Quilcene, WA (near) Air Force C141 Crashes Into Olympic Mountains, Mar 1975

Mount Constance WASH.jpg


Quilcene, Wash. (AP) -- Stalled by deep snow and high winds, officials mapped an arduouos rescue trek by snowmobile and foot Friday to reach the presumed crash site of an Air Force C141 Starlifter in a rugged, roadless section of the Olympic Mountains.
The four-engine jet of the Air Force Military Airlift Command was carrying 16 persons, including a crew of 10 based at McChord Air Force Base near Tacoma, and six passengers. The plane was on a flight from Yokota Air Base in Japan to McChord.
Air Force officials said the names of those aboard wouldn't be released until next of kin are notified.
An electronic crash signal was pinpointed early Friday near the 7,000-foot level of Warrior Peak, just inside the eastern border of Olympic National Park about nine miles southwest of the logging village of Quilcene.
Quilcene is on the west shore of Hood Canal, about 54 highway and Puget Sound ferry miles northwest of Seattle.
It was snowing heavily in the area and no aerial search could be made, although an Air Force HC 130 aircraft carrying a para-rescue team was in the area and Army and Air Force helicopters stood by.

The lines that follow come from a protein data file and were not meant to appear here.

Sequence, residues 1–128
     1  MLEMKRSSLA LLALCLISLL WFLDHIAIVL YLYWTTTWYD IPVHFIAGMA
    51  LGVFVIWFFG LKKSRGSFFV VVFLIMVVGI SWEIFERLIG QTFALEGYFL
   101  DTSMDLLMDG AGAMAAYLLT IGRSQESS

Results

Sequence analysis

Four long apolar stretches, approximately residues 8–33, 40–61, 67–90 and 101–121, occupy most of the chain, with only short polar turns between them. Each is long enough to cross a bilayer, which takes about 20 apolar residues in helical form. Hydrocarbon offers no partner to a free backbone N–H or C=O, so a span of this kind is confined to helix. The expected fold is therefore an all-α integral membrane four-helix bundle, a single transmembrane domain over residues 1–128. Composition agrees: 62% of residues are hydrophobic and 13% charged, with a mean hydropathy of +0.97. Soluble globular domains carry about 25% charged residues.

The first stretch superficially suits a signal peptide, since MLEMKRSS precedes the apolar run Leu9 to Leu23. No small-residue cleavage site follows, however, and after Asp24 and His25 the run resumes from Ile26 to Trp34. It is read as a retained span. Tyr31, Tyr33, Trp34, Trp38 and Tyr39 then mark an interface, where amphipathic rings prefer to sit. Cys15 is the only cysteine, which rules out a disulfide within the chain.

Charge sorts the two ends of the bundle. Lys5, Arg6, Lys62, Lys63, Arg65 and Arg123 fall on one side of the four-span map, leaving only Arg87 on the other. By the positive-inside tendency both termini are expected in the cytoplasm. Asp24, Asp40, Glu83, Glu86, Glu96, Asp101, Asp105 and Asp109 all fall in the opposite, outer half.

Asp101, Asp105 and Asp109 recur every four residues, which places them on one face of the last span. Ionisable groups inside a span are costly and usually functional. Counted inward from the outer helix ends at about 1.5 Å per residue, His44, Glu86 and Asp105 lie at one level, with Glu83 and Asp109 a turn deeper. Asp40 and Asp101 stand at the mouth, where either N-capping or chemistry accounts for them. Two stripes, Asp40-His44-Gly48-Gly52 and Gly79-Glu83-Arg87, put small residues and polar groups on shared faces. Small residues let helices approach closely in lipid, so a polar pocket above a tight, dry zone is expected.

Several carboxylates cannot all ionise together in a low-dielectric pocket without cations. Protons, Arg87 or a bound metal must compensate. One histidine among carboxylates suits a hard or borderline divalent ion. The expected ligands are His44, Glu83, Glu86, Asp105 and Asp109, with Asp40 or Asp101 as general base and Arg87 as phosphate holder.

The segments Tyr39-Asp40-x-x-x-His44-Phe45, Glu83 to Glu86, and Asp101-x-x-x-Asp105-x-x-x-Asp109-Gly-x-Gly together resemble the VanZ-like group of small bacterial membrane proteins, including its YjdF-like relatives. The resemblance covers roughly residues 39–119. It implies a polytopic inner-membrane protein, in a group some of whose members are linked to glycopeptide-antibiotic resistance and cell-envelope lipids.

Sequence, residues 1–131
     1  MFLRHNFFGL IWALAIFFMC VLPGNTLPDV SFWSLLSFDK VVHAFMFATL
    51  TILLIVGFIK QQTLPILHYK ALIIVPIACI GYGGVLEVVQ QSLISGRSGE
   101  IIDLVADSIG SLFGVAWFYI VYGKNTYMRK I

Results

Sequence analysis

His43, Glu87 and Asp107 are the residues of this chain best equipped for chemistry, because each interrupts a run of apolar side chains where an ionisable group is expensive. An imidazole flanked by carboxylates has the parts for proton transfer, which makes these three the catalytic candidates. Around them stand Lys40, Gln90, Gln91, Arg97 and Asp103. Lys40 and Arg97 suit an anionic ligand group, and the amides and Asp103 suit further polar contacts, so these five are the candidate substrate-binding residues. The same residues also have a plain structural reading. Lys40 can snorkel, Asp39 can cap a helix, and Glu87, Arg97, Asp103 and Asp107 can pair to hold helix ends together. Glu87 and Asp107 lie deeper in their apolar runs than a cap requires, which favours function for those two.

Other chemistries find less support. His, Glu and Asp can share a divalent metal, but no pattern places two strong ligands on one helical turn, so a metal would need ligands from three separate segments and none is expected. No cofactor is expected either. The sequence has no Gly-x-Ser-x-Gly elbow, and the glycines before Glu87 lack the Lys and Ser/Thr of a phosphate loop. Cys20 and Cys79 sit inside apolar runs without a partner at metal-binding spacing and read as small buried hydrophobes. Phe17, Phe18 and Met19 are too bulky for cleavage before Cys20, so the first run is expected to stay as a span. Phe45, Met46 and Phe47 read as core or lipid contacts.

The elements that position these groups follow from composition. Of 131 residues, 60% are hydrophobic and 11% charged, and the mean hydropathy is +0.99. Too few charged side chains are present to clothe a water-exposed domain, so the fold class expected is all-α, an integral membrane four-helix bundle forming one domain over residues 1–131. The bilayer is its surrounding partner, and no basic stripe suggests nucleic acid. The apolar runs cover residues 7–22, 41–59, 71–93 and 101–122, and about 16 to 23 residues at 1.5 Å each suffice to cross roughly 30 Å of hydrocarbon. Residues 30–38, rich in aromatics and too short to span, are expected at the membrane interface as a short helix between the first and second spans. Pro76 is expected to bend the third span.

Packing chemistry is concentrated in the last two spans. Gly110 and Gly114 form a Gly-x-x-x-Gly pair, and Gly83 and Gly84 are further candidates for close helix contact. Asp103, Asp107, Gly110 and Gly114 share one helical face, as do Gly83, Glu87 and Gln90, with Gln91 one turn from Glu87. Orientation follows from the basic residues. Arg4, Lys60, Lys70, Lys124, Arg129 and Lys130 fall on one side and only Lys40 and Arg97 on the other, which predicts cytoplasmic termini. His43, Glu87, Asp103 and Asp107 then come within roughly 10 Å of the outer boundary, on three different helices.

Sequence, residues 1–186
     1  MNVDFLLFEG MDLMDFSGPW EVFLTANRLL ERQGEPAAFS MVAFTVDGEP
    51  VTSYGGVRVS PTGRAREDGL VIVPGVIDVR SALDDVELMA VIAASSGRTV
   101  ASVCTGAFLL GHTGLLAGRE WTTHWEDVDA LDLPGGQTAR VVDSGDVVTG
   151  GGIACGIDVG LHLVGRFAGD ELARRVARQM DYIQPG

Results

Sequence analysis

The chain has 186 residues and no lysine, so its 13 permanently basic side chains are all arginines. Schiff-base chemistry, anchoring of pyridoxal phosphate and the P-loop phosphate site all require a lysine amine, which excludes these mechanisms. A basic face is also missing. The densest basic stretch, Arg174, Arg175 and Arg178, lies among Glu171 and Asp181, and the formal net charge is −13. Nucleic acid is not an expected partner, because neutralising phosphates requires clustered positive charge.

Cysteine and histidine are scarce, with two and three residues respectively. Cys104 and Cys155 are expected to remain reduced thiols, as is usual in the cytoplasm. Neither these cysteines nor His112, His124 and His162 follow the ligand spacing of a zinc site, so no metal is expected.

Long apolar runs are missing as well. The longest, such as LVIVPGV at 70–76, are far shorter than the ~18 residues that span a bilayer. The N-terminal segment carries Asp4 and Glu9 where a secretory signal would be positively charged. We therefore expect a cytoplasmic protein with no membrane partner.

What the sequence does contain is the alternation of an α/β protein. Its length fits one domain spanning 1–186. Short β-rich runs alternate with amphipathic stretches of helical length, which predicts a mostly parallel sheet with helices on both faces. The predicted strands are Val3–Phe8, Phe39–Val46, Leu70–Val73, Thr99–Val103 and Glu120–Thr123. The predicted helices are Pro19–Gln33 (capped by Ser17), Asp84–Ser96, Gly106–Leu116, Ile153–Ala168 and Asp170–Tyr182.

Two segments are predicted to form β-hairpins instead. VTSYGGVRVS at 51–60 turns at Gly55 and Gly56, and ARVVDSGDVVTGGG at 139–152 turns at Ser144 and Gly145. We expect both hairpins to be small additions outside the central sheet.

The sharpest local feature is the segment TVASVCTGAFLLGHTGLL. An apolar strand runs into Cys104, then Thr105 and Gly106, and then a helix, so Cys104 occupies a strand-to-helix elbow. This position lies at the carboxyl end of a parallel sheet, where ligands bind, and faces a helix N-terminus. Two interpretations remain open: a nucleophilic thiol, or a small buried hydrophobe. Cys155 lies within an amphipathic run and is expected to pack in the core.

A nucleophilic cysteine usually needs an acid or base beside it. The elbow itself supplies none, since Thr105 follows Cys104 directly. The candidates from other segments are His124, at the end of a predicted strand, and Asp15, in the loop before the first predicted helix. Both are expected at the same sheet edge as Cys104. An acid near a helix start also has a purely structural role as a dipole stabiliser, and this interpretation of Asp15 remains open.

The rescue teams included Mountain Search and Rescue personnel, as well as Air Force and Coast Guard teams.
Rescue teams decided on a route following the Dungeness River, coming in from north of the site, rather that a shorter route from Quilcene where where was more avalanche danger.
Severe storm warnings were issued for the area Friday with 50-to-60 mile an hour winds expected.
There were about 20 feet of snow in the area where the plane is presumed to have crashed, officials said.
A spokesman at McChord said the last radio message was received at 11 p.m. Thursday and the aircraft disappeared from the radar screen five minutes later.
The plane had been due to arrive at McChord at 11:15 p.m.
The cloud ceiling Thursday was as low as 2,000 feet.
The crew hadn't indicated any problems in its last radio message to McChord, Air Force officials said.

The Daily Chronicle Centralia Washington 1975-03-21



Quilcene, Wash. (AP) -- Search and rescue workers reported Saturday none of the 16 passengers survived the crash of an Air Force C-141 Starlifter in the rugged Olympic Mountains. In a radio message monitored by newsmen the rescue crews said there was no sign of life after checking the three aircraft sections spread across a steep slope on the 5,000-foot level of Mount Constance.

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